“There were no cue cards or blocking,” recalls Watkins. “It was just Father, raw, to see what kind of talent he was.”
The producer was impressed with what he saw: a priest who can “cover the gamut and talk to people in the way they need,” says Watkins. “He has a gift for talking and presenting, for straightening you out and setting you in the right direction. We need to get this talent out there.”
Networks, while interested, were wary of a having a priest as host because of the negative press the Catholic Church was receiving at the time, Watkins says. “We languished through the next couple of years.”
Nor is Father Patalinghug a shrinking violet when it comes to discussing the particulars of his faith. He told of his conversion experience, growing from a going-through-the-motions Catholic into a priest in love with the Church, in a recent interview with the Arlington Catholic Herald.
“I saw the presence of God and it reduced me to tears of sorrow and joy,” he said of the consecration at a conference Mass that followed a talk on the Real Presence. “Even though Christ was always present to me I was not always present to him. His blood is pumping through our veins.”
Members of the Greene family, also of Westminster, Md., have experienced Father Patalinghug’s prowess in the kitchen firsthand as parishioners — and served as a test family for the recipes in the priest’s companion cookbook, Grace Before Meals, judging them on both ease and taste.
Cola Pork Skewers received a particularly enthusiastic thumbs up.
“It was so easy and, when I bit into that pork, I thought, ‘This tastes like a restaurant-quality meal,” Theresa Greene says. Even more impressive: “I have found that we have learned from Father Patalinghug to value not so much what is on the table, but the time around the table with our kids. Even if you are opening a frozen bag of ravioli, the goal is to share it as a family.”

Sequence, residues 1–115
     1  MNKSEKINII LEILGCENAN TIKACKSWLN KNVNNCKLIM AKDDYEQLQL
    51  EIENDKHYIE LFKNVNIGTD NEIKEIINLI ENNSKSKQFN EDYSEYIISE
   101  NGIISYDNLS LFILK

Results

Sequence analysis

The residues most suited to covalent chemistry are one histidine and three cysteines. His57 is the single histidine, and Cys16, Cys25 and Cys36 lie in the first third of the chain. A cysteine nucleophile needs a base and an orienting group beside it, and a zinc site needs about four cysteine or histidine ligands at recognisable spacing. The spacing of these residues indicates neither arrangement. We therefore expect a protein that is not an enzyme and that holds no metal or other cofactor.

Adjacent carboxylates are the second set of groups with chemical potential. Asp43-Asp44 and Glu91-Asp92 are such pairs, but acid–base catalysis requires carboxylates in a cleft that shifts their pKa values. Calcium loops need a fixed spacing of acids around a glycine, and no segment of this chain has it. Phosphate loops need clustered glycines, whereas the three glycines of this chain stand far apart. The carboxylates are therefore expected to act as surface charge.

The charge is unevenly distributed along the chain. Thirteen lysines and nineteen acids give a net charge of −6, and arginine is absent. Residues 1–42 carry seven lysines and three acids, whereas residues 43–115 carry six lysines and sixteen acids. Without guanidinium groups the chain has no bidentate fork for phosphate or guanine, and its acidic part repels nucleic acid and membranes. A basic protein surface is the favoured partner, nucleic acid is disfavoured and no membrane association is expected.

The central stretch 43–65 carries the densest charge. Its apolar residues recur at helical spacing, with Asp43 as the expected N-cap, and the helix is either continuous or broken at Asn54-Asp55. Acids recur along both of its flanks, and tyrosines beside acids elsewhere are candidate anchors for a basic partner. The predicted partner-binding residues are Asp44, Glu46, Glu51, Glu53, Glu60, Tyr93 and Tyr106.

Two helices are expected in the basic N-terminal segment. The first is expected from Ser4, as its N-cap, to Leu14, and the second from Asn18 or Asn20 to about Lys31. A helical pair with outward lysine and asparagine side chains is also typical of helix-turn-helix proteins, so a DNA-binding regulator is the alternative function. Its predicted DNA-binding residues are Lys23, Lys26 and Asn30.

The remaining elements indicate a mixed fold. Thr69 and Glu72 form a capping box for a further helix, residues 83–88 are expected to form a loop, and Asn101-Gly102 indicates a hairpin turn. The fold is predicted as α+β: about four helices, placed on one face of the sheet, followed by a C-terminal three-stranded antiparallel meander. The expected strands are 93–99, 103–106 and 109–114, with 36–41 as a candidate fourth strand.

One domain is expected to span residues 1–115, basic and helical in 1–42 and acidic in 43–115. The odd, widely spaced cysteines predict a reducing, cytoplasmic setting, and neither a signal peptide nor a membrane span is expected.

As for the show, while PBS Plus has agreed to distribute “Grace Before Meals,” it doesn’t cover production costs. Watkins and Father Patalinghug estimate that they will need approximately $500,000 through corporate sponsorship and possibly private donations. They are in the process of applying for nonprofit status.
Although they have received interest from other networks, Watkins and Father Patalinghug favor PBS, which would allow them to maintain creative rights — ensuring that, among other things, they will be able to keep Father Patalinghug in a collar.
It’s unlikely the secular network would allow an emphasis on evangelization or catechesis, but Father Patalinghug clearly sees the potential for changing the way viewers think about Christ and the Catholic faith.
There are many times in Scripture when food is present, the priest points out. Jesus, he notes, showed an affinity for reaching the heart by way of the stomach — “from his first miracle of wine to his last moments on earth saying he is thirsting.”
Monta Hernon writes from
La Grange Park, Illinois.